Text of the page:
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Home repossessions set to rise
Home repossession figures are expected to show an increase as the troubled economy starts to take its toll on households.
The Council of Mortgage Lenders (CML), which will release records for the second quarter of 2012, predicts repossessions will rise from 37,000 in 2011 to 45,000 this year, as people's budgets remain under pressure at a time of high unemployment and low wage rises.
There were 9,600 repossessions in the first quarter of this year, representing a 10% increase on the last three months of 2011, but stable when compared with a year earlier.
The body, whose members include banks and building societies, has said that lenders' forbearance has helped to ease the situation, with some reducing rates temporarily, as well as extending payment dates.
But explaining its prediction in its fortnightly newsletter on Tuesday, the CML said: "Continuing economic and employment uncertainty, combined with the effect on household finances of higher living costs and squeezed incomes, have led us to forecast an increase in the number of cases of repossession to 45,000 this year."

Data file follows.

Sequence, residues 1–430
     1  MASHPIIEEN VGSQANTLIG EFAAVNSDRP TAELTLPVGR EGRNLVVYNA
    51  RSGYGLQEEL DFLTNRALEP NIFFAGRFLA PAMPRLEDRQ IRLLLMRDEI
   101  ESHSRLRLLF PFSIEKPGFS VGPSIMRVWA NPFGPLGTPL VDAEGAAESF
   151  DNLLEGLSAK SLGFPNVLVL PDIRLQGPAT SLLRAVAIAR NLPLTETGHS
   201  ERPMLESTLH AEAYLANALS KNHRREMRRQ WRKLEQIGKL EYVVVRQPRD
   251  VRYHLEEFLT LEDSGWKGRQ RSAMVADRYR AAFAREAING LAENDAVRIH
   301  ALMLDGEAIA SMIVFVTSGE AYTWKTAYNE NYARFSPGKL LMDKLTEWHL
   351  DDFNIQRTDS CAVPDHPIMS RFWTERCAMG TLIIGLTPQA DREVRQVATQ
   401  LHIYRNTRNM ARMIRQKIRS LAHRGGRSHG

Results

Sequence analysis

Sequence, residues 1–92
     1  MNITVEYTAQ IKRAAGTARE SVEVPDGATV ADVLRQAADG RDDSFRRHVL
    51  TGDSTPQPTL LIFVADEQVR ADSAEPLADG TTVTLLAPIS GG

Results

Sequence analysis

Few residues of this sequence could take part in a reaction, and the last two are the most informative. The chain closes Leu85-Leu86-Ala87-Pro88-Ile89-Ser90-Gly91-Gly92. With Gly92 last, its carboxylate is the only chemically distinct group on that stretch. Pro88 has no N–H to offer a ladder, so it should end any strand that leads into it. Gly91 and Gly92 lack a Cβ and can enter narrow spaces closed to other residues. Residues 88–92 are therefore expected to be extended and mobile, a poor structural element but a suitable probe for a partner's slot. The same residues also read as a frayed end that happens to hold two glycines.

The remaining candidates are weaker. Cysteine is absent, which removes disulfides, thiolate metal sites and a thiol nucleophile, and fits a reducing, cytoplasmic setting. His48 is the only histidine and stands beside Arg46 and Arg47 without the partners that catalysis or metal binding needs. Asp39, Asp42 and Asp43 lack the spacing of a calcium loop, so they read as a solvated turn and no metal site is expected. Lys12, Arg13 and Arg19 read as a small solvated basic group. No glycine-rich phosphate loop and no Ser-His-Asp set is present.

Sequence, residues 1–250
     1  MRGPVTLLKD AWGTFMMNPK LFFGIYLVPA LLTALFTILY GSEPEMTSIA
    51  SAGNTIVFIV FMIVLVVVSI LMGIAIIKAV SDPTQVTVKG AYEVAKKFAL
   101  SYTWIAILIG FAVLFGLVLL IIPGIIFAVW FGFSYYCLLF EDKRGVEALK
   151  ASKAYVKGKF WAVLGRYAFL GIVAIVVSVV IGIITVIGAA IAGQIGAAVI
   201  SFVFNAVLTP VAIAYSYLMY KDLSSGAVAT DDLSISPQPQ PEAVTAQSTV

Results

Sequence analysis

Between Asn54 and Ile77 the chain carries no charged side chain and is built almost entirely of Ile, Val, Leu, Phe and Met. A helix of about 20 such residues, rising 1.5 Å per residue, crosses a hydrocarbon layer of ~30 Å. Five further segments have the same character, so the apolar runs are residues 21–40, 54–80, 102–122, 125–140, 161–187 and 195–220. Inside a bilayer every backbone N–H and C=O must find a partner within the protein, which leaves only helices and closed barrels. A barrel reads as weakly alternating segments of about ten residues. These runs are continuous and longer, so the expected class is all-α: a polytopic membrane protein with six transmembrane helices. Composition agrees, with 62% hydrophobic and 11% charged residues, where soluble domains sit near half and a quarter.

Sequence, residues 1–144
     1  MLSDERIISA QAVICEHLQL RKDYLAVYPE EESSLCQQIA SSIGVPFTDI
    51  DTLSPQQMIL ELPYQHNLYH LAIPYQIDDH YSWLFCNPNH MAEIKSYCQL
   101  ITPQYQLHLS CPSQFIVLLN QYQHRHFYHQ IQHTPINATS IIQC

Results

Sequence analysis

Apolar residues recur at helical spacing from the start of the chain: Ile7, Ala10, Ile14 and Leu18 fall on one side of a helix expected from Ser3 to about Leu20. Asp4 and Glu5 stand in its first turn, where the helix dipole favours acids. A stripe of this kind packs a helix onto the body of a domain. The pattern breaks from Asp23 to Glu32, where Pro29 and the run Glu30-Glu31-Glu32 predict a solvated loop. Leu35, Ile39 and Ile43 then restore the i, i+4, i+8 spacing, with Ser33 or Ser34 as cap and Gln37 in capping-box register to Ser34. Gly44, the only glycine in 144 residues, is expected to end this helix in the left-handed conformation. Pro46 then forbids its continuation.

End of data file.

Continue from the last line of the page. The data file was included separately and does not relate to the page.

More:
More than a million home owners saw their mortgage rates rise in May, following a string of increases announced by lenders, blaming the weak economy and the increased funding costs.
Lenders have also been tightening their borrowing criteria in recent months, causing a drop in the proportion of mortgage approvals, making it tougher for people to get a mortgage or switch to a cheaper deal.
The CML has called for the Government to extend some temporary benefit arrangements for at least another year to help those who are struggling. It said that repossessions have so far been kept down to a much greater extent than predicted due to the Support for Mortgage Interest (SMI) scheme, which helps those who are having trouble with their mortgage payments.
The body has said the decision to offer SMI on more generous terms, which are due to be scaled back next year, has helped nearly 250,000 people to remain in their homes at any one time.
The Government has said the SMI payments system, which costs £400 million a year, is not sustainable.